|Overall Area||13,977 hectares|
|Climate||672 mm per annum at Ballarat|
|Main Natural Features||Lake Wendouree|
Woowookarung Regional Park
Ballarat is the second largest urban centre within the region and has a population of around 110,000 and is forecast to grow to be approximately 150,000 by the early 2030s. The Traditional Owners are the Wadawurrung.
An important asset to Ballarat is Lake Wendouree, a man-made lake covering 200 hectares, located a couple of kilometres west of the town centre. Lake Wendouree is on the Directory of Important Wetlands in Australia, is also a significant recreational lake for locals and visitors alike, having hosted international level rowing, fishing and yachting events.
An important waterway within the Ballarat landscape system is the Yarrowee River, a key tributary to the Leigh River, which feeds into the Barwon. Part of the Yarrowee River flows through Ballarat’s central business district and was directed underground through a bluestone-lined channel.
The Ballarat City landscape system covers the urban centre of Ballarat, the largest inland city within Victoria and the second largest city within the Coragamite CMA region. Surrounded entirely by the Northern Uplands to the west, south and east, its northern border is the edge of the CCMA boundary. Ownership is mostly private urban land, but there are a number of small public land parcels within the urban area – many of which are public reserves for recreation. Main parks and reserves are the Mullawallah Wetlands Nature Conservation Reserve to the north west, the Woowookarung Regional Park to the southeast and Lake Wendouree in central Ballarat.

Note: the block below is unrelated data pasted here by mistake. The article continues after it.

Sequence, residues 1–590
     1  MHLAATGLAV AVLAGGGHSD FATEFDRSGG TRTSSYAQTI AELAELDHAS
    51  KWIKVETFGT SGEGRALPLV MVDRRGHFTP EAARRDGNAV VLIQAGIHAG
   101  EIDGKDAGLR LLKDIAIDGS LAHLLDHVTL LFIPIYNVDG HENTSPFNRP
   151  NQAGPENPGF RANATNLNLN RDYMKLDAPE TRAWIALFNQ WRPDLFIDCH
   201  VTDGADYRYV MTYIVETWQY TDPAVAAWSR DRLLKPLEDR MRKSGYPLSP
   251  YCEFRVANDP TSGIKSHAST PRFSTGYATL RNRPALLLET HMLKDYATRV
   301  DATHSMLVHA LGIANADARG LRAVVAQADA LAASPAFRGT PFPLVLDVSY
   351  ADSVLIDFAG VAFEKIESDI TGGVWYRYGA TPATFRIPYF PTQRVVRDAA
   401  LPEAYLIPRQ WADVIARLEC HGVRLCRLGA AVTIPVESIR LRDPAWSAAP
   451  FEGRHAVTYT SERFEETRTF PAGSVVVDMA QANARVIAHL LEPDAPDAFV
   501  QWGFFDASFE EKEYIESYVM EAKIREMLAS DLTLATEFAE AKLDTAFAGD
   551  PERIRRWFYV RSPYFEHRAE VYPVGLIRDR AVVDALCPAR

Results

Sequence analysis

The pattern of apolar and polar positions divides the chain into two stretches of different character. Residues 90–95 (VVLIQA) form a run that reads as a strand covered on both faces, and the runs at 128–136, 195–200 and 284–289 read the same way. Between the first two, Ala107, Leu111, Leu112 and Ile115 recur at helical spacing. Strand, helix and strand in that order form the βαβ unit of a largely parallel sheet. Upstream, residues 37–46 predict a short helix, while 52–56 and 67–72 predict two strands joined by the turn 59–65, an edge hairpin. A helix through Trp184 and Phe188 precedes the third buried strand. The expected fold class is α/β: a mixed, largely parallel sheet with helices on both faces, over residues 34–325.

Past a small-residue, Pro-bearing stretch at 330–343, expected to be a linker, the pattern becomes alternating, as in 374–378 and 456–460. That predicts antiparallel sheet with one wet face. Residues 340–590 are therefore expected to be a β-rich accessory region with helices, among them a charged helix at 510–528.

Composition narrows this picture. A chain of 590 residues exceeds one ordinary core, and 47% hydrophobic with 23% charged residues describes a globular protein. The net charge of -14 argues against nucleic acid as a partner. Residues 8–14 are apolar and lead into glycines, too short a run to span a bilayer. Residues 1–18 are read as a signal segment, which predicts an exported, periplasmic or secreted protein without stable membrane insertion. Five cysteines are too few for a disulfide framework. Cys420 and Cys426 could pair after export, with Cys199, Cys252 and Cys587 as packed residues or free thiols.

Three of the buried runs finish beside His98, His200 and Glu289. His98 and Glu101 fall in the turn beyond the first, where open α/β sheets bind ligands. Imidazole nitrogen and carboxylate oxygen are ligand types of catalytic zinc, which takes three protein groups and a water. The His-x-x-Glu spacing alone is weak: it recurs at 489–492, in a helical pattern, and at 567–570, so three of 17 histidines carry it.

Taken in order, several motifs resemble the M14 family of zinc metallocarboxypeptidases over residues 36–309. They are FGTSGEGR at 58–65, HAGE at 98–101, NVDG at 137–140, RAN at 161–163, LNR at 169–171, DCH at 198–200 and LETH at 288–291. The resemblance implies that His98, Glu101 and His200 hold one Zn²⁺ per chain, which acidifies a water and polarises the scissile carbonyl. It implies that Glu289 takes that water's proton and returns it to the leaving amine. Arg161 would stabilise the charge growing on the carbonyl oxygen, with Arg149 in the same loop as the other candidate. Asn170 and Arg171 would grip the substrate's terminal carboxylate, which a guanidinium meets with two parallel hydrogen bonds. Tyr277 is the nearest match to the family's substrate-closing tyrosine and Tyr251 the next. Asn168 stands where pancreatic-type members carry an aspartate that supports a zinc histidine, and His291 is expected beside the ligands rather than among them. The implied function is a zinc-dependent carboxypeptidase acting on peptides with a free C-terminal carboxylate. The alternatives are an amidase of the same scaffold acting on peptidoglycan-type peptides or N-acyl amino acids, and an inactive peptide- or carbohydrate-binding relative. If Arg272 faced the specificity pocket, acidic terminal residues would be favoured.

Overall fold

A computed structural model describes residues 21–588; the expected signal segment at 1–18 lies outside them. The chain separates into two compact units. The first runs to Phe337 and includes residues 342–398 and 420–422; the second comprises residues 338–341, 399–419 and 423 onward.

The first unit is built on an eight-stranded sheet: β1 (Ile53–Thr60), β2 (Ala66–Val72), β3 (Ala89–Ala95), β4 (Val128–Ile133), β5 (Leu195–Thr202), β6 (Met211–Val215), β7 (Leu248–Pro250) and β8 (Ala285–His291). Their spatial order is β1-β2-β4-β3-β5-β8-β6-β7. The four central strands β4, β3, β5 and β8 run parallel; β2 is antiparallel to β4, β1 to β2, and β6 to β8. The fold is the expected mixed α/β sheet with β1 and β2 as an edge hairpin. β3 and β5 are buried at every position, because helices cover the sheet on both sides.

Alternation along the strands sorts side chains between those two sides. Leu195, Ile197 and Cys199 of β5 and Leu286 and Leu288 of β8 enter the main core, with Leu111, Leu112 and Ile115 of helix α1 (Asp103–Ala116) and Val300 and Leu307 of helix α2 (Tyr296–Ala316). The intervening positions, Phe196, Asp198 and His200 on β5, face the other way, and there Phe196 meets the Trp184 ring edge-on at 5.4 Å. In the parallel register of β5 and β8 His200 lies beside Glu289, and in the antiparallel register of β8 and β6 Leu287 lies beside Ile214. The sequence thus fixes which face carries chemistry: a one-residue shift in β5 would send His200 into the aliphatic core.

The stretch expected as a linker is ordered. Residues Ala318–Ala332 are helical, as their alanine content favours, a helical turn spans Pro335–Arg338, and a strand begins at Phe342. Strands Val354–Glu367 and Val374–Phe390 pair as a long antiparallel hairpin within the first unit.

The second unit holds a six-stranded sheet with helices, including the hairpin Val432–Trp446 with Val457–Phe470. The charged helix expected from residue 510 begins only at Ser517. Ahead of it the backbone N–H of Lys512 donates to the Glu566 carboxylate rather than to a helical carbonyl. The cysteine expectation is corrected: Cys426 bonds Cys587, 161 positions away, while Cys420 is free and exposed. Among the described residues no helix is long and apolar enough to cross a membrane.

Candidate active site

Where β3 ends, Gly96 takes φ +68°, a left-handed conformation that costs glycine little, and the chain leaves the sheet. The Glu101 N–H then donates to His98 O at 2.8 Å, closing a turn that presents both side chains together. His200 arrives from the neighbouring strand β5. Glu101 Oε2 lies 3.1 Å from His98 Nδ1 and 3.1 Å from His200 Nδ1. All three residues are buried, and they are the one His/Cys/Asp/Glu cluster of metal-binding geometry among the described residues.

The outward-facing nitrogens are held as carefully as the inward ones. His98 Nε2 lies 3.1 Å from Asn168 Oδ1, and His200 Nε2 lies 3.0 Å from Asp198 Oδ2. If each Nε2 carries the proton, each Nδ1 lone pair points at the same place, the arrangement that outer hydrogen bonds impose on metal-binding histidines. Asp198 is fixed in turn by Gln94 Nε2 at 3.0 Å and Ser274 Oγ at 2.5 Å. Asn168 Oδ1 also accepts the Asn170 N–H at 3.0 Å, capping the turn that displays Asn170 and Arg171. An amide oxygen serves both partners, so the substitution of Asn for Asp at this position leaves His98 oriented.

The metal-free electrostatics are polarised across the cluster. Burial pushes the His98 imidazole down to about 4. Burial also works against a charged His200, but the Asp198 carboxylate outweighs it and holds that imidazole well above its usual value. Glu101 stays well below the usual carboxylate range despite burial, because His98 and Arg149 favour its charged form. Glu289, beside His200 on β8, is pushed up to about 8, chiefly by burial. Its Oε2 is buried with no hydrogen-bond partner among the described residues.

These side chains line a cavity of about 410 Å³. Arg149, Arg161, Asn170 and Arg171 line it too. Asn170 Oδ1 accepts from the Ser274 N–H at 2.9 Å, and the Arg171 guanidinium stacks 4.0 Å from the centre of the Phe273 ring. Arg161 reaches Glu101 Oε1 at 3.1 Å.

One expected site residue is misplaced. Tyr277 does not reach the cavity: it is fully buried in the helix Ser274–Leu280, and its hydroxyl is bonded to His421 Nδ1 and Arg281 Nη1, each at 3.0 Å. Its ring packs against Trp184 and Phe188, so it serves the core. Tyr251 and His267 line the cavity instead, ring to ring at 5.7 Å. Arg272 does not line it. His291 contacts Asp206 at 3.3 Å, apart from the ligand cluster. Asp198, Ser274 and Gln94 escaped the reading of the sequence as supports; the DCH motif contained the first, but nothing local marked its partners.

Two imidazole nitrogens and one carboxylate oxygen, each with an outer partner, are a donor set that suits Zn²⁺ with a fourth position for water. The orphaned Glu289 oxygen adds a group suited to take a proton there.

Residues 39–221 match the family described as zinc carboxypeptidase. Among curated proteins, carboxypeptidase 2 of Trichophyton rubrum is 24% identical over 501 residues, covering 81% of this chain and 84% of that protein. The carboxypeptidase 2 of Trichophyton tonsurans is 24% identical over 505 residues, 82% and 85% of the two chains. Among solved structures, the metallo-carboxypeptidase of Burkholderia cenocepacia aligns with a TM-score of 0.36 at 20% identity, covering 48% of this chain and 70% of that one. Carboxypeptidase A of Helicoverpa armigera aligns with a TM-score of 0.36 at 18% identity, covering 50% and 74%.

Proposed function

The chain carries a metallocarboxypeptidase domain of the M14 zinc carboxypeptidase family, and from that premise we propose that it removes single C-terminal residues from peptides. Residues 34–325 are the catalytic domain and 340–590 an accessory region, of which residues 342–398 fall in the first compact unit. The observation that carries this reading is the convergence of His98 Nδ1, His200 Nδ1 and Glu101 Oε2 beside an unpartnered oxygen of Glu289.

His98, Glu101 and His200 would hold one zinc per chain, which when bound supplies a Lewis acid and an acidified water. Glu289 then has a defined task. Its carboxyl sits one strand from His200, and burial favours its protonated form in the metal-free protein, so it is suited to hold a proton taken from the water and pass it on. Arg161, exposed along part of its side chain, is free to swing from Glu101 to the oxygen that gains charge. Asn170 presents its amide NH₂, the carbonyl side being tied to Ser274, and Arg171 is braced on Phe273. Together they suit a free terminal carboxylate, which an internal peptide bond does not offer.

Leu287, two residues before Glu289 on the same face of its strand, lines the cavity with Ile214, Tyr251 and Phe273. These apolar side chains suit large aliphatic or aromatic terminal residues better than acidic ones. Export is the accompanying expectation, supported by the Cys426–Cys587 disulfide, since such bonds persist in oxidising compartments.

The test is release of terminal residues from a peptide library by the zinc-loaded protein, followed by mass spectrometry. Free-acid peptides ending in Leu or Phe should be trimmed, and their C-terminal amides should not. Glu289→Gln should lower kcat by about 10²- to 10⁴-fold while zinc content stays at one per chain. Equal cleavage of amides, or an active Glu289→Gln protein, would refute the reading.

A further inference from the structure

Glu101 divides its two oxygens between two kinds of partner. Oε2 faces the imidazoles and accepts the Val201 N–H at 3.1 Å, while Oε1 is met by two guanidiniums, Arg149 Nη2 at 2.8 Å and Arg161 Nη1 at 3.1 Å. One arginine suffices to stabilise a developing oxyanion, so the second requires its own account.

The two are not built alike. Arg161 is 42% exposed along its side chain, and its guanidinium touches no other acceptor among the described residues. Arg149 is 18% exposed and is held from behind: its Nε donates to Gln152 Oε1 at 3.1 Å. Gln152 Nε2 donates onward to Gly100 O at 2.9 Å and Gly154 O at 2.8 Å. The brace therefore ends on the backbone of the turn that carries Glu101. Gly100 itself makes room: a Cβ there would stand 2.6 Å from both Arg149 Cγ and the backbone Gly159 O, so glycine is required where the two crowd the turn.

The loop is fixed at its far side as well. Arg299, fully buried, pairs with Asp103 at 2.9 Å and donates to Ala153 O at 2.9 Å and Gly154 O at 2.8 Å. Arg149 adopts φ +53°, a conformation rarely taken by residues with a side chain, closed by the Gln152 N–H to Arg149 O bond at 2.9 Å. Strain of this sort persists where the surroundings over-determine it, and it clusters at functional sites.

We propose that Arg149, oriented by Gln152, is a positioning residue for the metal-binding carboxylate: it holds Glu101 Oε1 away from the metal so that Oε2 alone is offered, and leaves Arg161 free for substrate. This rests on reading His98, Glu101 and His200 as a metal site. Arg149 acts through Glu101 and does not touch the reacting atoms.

Like Geelong, Ballarat is principally an area for manufacturing, education, service provision, retail, tourism and residential activities. There is also limited agriculture, viticulture and horticulture occurring in the peri-urban areas around the city.
As this landscape system is contained entirely within the Ballarat local government area, the majority of the community is urban based. Ballarat is the most densely populated, and smallest landscape system by area in the region. The portion of population of the urban Ballarat City area within the Corangamite region is over 71,000 (other portions occur in the Glenelg Hopkins and North Central regions).
There is extensive peri-urban settlement surrounding the City of Ballarat.
Assessment of current condition and trends
The Ballarat City region’s waterways fall within the Barwon River Basin. The Yarrowee River, beginning near Ballarat’s urban centre and stretching through the south of the Ballarat city region, is the only major waterway in the area. Its condition was assessed as very poor in Victoria’s third Index of Stream Condition (ISC) in 2010, reflecting the regional trend of poor waterway health in proximity to urban areas.